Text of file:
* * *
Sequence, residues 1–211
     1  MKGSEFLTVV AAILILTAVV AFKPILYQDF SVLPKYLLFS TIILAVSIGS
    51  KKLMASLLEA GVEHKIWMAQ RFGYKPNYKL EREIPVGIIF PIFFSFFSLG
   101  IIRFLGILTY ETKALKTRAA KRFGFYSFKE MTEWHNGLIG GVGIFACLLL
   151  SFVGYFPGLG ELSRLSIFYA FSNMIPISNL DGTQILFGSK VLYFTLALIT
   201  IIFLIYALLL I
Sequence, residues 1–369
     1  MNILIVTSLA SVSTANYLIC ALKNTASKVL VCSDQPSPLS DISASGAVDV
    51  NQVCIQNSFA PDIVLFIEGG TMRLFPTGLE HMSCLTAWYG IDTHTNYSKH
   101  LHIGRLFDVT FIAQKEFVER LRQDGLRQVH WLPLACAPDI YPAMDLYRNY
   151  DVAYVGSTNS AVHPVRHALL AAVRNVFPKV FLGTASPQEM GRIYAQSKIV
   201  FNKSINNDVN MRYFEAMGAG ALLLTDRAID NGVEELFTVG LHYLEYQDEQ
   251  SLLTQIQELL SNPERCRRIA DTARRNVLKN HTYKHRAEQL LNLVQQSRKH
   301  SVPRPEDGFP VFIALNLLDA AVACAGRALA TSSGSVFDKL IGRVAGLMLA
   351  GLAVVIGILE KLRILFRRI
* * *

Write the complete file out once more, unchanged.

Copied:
Sequence, residues 1–211
     1  MKGSEFLTVV AAILILTAVV AFKPILYQDF SVLPKYLLFS TIILAVSIGS
    51  KKLMASLLEA GVEHKIWMAQ RFGYKPNYKL EREIPVGIIF PIFFSFFSLG
   101  IIRFLGILTY ETKALKTRAA KRFGFYSFKE MTEWHNGLIG GVGIFACLLL
   151  SFVGYFPGLG ELSRLSIFYA FSNMIPISNL DGTQILFGSK VLYFTLALIT
   201  IIFLIYALLL I
Sequence, residues 1–369
     1  MNILIVTSLA SVSTANYLIC ALKNTASKVL VCSDQPSPLS DISASGAVDV
    51  NQVCIQNSFA PDIVLFIEGG TMRLFPTGLE HMSCLTAWYG IDTHTNYSKH
   101  LHIGRLFDVT FIAQKEFVER LRQDGLRQVH WLPLACAPDI YPAMDLYRNY
   151  DVAYVGSTNS AVHPVRHALL AAVRNVFPKV FLGTASPQEM GRIYAQSKIV
   201  FNKSINNDVN MRYFEAMGAG ALLLTDRAID NGVEELFTVG LHYLEYQDEQ
   251  SLLTQIQELL SNPERCRRIA DTARRNVLKN HTYKHRAEQL LNLVQQSRKH
   301  SVPRPEDGFP VFIALNLLDA AVACAGRALA TSSGSVFDKL IGRVAGLMLA
   351  GLAVVIGILE KLRILFRRI